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My experience with small motors is that running them dry is not good. The reason is that the jet ports are so small in these carbs that they can varnish almost instantly when you run them dry. I would suggest not doing that in the future and keeping the jets in a bath of liquid gas instead, but that is just my experience. Also air is a killer. Oxidation and corrosion is kept at bay when gas is present. I always just store my small equipment full with treated gas rather than running them dry.

I would take the carb apart and soak the jets concentrating especially the float valve jet.
I fish, therefore, I am.

1993 Starcraft SF 14 DLX side console with 25 hp Mercury 2 stroke
2003 Sylvan 2100 Profish walkthrough with 150 Mercury Saltwater and 6hp Mecury 4 stroke kicker

SeaFaring
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2-Stroke Refresher

Post by SeaFaring » 23 Jul 2018, 11:31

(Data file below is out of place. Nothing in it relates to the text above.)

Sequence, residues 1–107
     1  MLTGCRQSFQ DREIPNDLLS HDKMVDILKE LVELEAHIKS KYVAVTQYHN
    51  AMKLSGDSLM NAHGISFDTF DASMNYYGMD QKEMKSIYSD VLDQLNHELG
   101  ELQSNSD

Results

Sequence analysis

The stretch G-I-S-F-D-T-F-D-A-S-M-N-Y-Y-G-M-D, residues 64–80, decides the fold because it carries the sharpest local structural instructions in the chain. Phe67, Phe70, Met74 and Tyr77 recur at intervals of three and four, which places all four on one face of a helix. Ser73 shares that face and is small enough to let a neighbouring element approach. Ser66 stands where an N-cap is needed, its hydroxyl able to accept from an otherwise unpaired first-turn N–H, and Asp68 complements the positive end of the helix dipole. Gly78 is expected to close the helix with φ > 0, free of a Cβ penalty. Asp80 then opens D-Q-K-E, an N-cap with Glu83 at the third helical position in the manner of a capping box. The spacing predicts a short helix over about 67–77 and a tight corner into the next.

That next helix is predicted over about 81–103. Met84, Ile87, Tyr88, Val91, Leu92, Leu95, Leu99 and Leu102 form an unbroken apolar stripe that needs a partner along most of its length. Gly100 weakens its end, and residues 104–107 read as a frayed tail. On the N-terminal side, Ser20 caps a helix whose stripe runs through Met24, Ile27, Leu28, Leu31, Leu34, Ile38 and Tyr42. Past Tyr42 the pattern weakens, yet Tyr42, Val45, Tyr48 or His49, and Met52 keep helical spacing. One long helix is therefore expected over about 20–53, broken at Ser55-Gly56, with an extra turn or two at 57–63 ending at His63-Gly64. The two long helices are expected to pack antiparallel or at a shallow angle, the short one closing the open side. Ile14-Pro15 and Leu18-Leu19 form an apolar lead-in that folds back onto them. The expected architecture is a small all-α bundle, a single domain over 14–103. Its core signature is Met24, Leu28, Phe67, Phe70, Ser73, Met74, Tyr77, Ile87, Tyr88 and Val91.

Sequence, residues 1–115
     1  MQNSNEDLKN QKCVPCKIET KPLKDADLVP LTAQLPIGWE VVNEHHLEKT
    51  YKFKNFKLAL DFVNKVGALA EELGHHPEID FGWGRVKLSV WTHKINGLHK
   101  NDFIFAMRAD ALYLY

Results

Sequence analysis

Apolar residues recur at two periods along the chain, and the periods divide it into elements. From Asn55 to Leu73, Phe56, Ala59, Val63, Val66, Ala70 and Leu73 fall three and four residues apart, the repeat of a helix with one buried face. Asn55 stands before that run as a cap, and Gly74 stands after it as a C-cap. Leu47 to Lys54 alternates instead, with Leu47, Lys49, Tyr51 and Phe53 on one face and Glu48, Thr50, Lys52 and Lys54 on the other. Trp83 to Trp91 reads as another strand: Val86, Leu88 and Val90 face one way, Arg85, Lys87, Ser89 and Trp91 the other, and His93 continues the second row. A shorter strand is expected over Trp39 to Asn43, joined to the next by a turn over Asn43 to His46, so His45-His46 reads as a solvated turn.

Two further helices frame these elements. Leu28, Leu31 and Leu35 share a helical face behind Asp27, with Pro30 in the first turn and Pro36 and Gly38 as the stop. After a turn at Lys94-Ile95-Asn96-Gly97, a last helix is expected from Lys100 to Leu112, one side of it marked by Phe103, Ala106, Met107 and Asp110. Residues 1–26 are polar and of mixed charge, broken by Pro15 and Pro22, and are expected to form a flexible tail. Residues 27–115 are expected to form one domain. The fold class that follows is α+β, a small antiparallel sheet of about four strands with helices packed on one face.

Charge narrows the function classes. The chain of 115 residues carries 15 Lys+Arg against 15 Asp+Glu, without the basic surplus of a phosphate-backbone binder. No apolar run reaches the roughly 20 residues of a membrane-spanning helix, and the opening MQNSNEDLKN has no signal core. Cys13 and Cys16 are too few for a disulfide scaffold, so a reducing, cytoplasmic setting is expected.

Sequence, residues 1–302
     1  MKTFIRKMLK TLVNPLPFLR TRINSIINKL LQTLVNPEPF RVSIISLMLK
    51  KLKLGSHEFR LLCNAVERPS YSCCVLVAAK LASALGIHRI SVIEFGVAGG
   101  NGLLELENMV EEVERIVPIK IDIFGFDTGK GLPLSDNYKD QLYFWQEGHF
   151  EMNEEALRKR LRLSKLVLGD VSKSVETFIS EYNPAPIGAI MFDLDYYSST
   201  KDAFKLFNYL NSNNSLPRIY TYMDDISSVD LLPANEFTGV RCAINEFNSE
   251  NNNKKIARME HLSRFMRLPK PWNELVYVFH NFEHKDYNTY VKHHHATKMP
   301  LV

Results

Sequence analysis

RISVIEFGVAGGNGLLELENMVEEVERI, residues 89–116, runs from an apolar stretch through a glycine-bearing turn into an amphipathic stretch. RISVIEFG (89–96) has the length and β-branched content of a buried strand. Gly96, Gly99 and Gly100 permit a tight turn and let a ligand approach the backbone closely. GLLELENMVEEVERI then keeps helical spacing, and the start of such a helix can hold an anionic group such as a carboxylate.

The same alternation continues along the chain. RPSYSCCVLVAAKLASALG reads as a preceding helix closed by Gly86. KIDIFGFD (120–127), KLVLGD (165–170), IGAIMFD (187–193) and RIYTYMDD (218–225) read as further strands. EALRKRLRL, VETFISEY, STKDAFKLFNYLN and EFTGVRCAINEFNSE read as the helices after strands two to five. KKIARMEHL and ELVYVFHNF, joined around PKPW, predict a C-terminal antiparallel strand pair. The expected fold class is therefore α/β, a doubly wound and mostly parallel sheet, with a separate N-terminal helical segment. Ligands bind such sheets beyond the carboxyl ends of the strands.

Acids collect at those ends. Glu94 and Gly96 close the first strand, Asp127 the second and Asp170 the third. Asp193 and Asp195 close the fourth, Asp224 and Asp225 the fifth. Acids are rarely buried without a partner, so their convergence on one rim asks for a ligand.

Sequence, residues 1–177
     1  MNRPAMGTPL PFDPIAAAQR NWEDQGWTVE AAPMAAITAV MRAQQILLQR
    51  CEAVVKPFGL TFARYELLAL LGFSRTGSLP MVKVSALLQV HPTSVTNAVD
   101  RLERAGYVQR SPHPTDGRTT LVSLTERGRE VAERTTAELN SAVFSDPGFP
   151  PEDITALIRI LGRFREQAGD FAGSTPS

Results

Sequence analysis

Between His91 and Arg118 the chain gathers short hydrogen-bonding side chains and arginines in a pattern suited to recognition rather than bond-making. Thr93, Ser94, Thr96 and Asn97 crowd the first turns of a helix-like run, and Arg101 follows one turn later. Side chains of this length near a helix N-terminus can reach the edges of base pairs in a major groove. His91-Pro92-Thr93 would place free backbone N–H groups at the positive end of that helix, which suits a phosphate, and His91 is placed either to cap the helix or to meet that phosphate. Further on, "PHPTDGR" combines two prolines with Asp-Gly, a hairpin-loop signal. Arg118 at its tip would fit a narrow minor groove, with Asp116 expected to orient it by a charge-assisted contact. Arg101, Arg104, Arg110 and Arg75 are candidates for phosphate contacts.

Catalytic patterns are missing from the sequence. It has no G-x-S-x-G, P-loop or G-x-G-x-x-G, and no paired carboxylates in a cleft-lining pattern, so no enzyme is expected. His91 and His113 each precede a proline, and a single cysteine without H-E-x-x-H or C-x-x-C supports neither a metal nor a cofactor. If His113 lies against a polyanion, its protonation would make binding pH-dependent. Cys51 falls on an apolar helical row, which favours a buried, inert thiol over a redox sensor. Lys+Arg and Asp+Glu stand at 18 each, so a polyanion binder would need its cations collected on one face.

jethro wrote:
SeaFaring wrote: This tells me it’s probably a clogged jet, but I’m not sure how since I ran the carb dry before putting the boat up for the winter.

Could someone give me a suggestion or two on how to get this thing running?

Thanks!
John


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My experience with small motors is that running them dry is not good. The reason is that the jet ports are so small in these carbs that they can varnish almost instantly when you run them dry. I would suggest not doing that in the future and keeping the jets in a bath of liquid gas instead, but that is just my experience. Also air is a killer. Oxidation and corrosion is kept at bay when gas is present. I always just store my small equipment full with treated gas rather than running them dry.

I would take the carb apart and soak the jets concentrating especially the float valve jet.
That makes sense to me - thanks!

I treat all of my gas since I don’t have ethanol free available nearby. I will definitely give that a try.